Dave Matthews helped produce new Palahniuk film
October 11th, 2008
LOS ANGELES (AP) — Dave Matthews has acted in a few films, but the Grammy-winning musician has been playing a behind-the-scenes role in Hollywood of late — that of film producer.
The singer of his namesake band co-founded ATO Pictures and has served mostly as a silent partner. But in the company's latest film, "Choke," the musician was adamant that ATO do more than help finance the film.
"I felt very strongly about us being connected to the project. ... I loved the script," Matthews told The Associated Press during a phone interview Friday before performing with his band in the Brazilian city of Manaus.
"Choke," which was released Friday by Fox Searchlight Pictures, is an adaptation of a novel from "Fight Club" author Chuck Palahniuk.
The film, which stars Sam Rockwell, is about a sex addict named Victor Mancini who likes to pretend he's choking in restaurants to garner strangers' sympathy and then fleece them. When Mancini isn't doing that, hooking up with fellow sex addicts or working at a historical theme park, he's trying to cajole the truth of his paternity from his mentally ill mother.
Matthews doesn't appear in the film, but he championed it once he read the script and the book.
"What Chuck manages to do is make an unusual story not unusual, and I think the film makes that (as well)," Matthews said. "There's a very sweet story at the core of it: This young man's struggle to find out who he is."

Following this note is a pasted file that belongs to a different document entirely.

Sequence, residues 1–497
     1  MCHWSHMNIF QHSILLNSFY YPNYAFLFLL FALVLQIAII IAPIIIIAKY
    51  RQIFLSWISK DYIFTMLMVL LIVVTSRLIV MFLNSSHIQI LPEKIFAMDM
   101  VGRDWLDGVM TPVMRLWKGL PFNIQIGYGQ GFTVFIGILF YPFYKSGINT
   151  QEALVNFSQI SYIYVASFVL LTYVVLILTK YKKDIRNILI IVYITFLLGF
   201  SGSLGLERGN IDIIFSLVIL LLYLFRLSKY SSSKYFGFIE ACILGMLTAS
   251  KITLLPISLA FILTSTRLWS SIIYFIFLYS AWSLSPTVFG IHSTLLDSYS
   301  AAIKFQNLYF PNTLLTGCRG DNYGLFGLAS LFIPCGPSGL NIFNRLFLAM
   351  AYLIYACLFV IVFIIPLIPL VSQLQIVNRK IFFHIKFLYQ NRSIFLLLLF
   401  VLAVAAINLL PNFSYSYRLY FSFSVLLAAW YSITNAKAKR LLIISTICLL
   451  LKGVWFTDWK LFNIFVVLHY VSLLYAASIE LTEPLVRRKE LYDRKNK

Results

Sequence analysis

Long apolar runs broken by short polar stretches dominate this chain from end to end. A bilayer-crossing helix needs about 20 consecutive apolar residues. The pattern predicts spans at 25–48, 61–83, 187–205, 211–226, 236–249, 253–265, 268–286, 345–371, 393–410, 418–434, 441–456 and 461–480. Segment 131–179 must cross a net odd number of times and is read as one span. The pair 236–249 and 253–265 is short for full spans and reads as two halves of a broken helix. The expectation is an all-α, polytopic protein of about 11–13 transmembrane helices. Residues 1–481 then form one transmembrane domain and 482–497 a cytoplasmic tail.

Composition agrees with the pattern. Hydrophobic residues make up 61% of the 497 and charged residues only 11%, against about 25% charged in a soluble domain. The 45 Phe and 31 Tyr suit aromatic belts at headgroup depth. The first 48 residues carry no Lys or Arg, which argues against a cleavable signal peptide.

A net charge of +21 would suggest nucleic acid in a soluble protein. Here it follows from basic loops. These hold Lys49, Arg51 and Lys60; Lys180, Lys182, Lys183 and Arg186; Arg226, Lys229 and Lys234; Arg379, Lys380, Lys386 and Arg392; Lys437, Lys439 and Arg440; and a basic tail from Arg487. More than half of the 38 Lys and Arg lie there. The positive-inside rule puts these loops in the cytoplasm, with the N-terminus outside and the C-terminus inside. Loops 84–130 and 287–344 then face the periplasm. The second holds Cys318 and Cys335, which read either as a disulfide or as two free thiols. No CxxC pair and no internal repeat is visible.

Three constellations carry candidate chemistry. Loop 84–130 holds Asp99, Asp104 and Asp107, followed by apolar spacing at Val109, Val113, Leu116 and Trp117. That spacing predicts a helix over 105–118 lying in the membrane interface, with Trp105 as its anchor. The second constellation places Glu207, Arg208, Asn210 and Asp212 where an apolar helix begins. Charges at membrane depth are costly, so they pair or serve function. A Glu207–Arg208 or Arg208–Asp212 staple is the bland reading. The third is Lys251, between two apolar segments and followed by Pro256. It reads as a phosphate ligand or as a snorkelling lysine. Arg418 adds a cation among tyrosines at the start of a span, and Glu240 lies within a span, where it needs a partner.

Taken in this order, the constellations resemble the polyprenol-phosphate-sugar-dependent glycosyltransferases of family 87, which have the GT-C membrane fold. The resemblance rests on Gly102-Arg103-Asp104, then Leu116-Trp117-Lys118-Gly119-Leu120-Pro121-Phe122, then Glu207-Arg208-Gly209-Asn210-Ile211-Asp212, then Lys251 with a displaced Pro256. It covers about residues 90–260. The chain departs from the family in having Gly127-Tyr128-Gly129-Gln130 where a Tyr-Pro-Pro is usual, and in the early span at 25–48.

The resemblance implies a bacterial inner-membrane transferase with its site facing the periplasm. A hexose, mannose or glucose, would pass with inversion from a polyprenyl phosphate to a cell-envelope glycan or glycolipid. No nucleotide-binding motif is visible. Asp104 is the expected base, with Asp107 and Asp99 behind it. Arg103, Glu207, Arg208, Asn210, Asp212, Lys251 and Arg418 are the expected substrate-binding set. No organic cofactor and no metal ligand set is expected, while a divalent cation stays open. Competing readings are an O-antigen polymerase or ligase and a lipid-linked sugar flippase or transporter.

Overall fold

Last year, ATO produced "Joshua," a film about a musical child whose family life dramatically alters once his baby sister is born.
Matthews wrote the song that the child character croons as the film draws to a close.
For "Choke," Matthews worked on planning and supporting the movie.
"My involvement was much more in discussing how to get the film done ... (being) really more of a cheerleader," he said.
The opening of "Choke" comes as Matthews and his bandmates work to wrap a tour only weeks after the untimely death of LeRoi Moore, the band's saxophonist and arranger, and one of its founding members.
Moore died Aug. 19 in Los Angeles of complications stemming from a June 30 accident near Charlottesville involving an all-terrain vehicle. He was 46.
"I think it will be a long time before we'll go through a night without him being very present on stage with us when we're performing, in both happy and sad ways, I suppose," Matthews said.
The band is scheduled to perform a few more dates in South America before returning home to continue work on a new album Matthews hopes will be ready for release early next year.